1. Decide what kind of a parent you are going to be. Kevin, mentioned above, has his priorities straight: "I'm real active in my kids' lives. I didn't want to be "Uncle Dad" who just treats them and disappears. I am still their father and will not give that up, and I think it's helped them."

2. Recognize how damaging it is to bad-mouth the other parent, no matter how justified you feel. Your child comes from each parent, and her self-esteem is tied to both parents. If necessary, remind your relatives and friends to also avoid saying negative things about your former spouse. "My ex and I always try to speak positively about each other," says Megan, a 35-year-old mother of two who has been divorced less than a year. "I never want my boys to hate their father. They can call him whenever they want. If one of the boys says he misses him, we call."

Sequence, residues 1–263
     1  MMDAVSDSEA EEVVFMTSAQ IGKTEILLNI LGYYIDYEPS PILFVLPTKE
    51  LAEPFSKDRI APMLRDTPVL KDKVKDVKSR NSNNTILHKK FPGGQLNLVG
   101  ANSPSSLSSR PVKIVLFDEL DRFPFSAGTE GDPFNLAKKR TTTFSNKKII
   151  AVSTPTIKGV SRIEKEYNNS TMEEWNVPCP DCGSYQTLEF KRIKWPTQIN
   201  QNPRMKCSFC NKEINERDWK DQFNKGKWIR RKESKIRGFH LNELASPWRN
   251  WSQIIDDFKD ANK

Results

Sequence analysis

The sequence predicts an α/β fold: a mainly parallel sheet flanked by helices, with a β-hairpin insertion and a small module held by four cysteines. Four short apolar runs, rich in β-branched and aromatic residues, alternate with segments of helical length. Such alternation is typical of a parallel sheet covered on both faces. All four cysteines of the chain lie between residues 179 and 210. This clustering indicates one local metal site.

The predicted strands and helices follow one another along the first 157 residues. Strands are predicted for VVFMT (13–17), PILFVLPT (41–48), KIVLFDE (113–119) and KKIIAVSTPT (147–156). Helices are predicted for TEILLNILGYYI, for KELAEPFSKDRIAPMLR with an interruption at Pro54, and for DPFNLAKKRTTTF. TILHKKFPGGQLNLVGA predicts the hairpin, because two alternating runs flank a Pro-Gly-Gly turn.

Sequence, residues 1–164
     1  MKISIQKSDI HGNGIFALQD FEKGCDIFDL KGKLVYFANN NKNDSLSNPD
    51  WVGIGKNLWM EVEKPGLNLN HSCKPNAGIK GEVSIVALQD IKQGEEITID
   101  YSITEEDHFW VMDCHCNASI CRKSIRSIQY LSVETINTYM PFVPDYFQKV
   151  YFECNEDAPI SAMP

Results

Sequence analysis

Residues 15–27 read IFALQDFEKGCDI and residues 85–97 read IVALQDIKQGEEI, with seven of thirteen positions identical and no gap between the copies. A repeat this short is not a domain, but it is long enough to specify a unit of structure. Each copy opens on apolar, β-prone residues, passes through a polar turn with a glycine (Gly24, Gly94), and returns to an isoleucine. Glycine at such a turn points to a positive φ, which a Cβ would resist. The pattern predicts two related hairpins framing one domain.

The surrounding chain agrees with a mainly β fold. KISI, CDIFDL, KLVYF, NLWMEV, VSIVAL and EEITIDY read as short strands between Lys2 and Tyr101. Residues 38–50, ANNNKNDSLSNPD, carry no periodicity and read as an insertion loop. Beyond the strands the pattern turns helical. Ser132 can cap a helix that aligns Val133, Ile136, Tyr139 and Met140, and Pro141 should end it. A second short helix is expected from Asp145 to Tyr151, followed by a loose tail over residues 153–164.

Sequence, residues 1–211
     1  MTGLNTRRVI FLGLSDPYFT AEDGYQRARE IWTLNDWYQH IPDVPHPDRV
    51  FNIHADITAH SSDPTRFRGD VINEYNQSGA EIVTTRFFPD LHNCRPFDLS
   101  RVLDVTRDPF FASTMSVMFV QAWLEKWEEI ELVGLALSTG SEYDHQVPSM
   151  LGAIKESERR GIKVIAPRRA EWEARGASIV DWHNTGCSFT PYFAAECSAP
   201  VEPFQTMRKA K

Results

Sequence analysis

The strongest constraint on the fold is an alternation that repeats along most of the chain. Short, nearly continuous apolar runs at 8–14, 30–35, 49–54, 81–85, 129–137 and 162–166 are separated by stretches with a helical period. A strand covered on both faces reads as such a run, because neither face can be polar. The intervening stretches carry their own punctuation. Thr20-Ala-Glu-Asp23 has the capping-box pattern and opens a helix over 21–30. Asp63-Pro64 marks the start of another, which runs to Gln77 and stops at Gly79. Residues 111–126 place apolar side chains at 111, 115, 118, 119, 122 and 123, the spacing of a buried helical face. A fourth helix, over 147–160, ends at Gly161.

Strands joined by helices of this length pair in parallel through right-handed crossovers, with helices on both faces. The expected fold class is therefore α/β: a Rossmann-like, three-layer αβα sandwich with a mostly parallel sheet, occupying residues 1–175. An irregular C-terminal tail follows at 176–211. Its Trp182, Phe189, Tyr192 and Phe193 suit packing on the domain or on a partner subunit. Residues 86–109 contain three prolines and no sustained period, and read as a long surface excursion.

3. Do your best to promote a good relationship with your former spouse and the kids. Elena still has issues with her ex-husband, but she's able to set them aside for her children. These days, he sees them one day a week and every other weekend. "It's important to let the kids have their own relationship with their dad," she says. For example, if your child is excited about a school project or other activity, encourage him or her to call the other parent and share the news. If, like Joe, your child expresses anger by refusing to talk, don't give up. Keep reaching out in sensitive, respectful ways. Emails may work better for a time than phone calls.